Almost Good Crisis Management

While we are editorial independent and recommend the best products through an independent review process, we may receive compensation if you click on links to partners we recommend.

Sections of this topic

    Good start, bad finish for TSA’s crisis management

    If you haven’t heard about the latest TSA debacle, the basics are that 24-year-old Olajide Oluwaseun was able to penetrate airport security at New York’s JFK International, including federal checkpoints, and board a Virgin America flight to LAX using an expired boarding pass belonging to somebody else. Although he was caught by Virgin staff in the air, he was not detained at his destination, and only days later was caught again attempting to board a Delta flight bound for Atlanta, at which point he was arrested by the FBI.

    Obviously, it’s embarrassing for the TSA to have it once again be proven that its much-touted security checkpoints can be breached with little more than expired boarding passes with no ID to match, but the organization actually came a hair’s width from completing a solid crisis management move before committing a major no-no.

    Lucien G. Canton did a great job of describing the situation in a post on his “Canton on Emergency Management” blog:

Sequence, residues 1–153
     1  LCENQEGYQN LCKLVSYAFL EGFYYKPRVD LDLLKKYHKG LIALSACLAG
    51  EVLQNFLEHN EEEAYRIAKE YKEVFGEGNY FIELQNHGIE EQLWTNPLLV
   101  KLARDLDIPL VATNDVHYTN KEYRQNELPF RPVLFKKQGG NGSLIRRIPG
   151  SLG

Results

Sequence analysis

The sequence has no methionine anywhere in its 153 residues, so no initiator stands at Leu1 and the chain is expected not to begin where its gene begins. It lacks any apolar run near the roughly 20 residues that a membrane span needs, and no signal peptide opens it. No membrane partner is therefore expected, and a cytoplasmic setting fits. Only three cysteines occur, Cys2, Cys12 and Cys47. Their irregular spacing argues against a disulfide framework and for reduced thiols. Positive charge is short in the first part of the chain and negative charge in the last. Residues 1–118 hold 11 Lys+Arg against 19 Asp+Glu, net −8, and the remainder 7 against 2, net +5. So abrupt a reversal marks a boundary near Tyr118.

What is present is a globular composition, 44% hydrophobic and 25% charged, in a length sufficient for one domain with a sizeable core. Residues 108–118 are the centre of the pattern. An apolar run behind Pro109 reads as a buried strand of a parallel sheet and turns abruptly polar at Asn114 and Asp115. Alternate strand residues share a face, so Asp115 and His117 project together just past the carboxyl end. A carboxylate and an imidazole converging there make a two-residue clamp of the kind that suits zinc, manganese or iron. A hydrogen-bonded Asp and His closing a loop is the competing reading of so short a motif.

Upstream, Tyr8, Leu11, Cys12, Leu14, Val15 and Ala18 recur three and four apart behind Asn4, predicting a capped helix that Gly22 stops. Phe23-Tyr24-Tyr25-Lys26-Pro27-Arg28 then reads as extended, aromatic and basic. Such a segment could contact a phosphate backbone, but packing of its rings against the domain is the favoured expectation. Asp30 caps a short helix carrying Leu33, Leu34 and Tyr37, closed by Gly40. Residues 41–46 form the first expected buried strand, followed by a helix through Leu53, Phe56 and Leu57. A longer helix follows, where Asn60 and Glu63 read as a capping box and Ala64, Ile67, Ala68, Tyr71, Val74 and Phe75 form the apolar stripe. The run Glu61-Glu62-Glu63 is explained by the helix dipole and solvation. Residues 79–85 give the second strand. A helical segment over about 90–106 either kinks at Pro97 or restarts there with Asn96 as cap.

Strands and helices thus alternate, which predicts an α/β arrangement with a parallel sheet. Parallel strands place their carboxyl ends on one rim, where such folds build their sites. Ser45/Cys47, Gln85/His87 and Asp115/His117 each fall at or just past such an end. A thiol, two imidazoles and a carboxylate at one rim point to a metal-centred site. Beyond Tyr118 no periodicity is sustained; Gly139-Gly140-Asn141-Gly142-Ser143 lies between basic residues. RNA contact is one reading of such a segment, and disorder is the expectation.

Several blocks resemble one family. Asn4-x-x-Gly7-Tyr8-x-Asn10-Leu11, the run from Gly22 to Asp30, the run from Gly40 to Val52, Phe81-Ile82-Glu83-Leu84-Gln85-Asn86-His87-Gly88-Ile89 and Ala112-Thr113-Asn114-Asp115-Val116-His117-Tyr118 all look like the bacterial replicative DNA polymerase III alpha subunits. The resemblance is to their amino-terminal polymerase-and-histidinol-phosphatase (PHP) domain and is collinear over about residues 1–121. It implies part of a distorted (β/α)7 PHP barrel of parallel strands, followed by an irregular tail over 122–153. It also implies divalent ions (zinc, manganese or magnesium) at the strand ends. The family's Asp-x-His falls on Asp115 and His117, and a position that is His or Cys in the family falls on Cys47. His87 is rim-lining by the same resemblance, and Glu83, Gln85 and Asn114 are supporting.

One could blog for several days on all the things that went wrong but I’m always more interested in how organizations respond to mistakes than in the mistake itself. In this case, TSA freely admits that “…TSA did not properly authenticate the passenger’s documentation.” They further promise, “…disciplinary action is being considered for the security officers involved and all appropriate actions will be taken.”

    Accepting responsibility for your mistake and promising corrective action is always a good crisis communication move. However, TSA then proceeds to blow it by trying to minimize the problem by saying, “…it’s important to note that this individual received the same thorough physical screening as other passengers, including being screened by advanced imaging technology…” In other words, “we screwed up but it didn’t really matter.”

    That’s the last message you want to send to a wary and sensitive public.

    Now, think of this situation in terms of your own business. Would you be ready to respond if you woke up to publicly humiliating information about your company printed on the front page of the Los Angeles Times?

    The best way to defend is to be prepared, so get that crisis response planning in gear.

    ——————————-
    For more resources, see the Free Management Library topic: Crisis Management
    ——————————-

    [Jonathan Bernstein is president of Bernstein Crisis Management, Inc. , an international crisis management consultancy, and author of Keeping the Wolves at Bay – Media Training.]